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Fair Play: What Your Child Can Teach You About Economics, Values, and the Meaning of Life

by Steven E. Landsburg
(The Free Press, 1997)

Reviewed by Frank Conte, BHI Publications Editor

from NewsLink, Vol. 2, No. 2, Winter 1998

"The disconnect between the standards adults impose on themselves and the standards they impose on their children is rarely to the adults' credit," writes economist Steven E. Landsburg in his new book, Fair Play, a readable exercise in economics as child-rearing.

Adults tolerate the latest transgressions from Congress or the Oval Office without much thought, never asking the key "kid" question, Why?

Adults profess not to tolerate their children's lying or stealing. Yet each year, Landsburg reminds us, the folks from National Public Radio lay claim to roughly five dollars of your income. In doing so, they emphasize ad nauseum that the U.S. Navy spends ten times as much on weapons. Landsburg wonders if the pitch made by NPR is made expressly to childless voters unaware of the manipulation of those in the wonder years. "What parent could accept an excuse like, 'Sure, I stole the cookies, but I know another kid who stole a bicycle.'?"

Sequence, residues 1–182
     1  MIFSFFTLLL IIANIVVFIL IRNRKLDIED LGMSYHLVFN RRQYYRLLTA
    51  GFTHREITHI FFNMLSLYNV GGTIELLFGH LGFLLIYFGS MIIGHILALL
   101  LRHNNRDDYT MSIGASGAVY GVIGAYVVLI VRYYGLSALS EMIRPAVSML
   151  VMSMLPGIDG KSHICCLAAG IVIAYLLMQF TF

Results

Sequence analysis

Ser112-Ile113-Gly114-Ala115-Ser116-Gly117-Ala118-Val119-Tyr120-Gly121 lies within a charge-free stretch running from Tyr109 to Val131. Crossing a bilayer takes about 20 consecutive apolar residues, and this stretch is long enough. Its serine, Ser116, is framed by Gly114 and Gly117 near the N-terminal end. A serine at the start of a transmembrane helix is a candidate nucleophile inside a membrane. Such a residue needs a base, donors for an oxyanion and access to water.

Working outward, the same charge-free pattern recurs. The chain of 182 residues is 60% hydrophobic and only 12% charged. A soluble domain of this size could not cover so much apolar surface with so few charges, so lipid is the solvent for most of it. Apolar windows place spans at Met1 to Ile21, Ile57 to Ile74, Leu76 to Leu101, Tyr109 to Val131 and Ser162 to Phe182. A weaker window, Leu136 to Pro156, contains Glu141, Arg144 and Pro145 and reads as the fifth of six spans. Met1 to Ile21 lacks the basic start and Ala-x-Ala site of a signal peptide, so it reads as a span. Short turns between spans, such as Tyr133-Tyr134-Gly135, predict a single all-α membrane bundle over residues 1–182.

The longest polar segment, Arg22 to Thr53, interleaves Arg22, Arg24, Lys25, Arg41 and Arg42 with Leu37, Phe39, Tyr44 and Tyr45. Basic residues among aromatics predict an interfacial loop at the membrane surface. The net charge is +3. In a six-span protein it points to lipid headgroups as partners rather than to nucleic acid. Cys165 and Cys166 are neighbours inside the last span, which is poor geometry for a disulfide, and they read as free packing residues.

Nor would responsible adults reward children who forcibly redistribute toys in a playroom or a sandbox. Yet few individuals challenge the "fairness" of the progressive income tax.

Fairness, according to Landsburg, means that those who spend their time earning a dollar rather than enjoying leisure, have a right to bear the fruits of the choices they have made. Why should government have a right to part of that dollar if your neighbor spent that same hour picking wildflowers?

"Children understand that how you spent your day has no moral relevance to how you cut the cake," writes Landsburg dismissing at the same time the claim of egalitarians.

These observations are not an exercise in mixing apples and oranges. Every time a child cries "That's not fair," Landsburg says a parent is forced to confront some issue of economic justice.

Throughout Fair Play, Landsburg argues that one doesn't understand a simple idea until he's explained it to a child. It's clear that Landsburg both as teacher and parent wants his nine-year-old girl daughter, Cayley, to think like an economist. And in turn as parent, much as economist, one finds that "kids say the darndest things."

Given the awful lack of economic literacy in elementary and secondary education, Landsburg's libertarian lessons are sure to rub up against a village mentality.

Knowing that he is sure to leave someone from the National Education Association aghast, Landsburg stands conventional social responsibility on its head.

"If you are ever in a position to sell water for $7 a gallon, I want you to sell water for $7 and not a penny less," he writes, "That's not because I want you to make a lot of money... It's because it's your social responsibility to get that water to those who need it most desperately, and if you charge less than the market will bear then the wrong people will claim the water."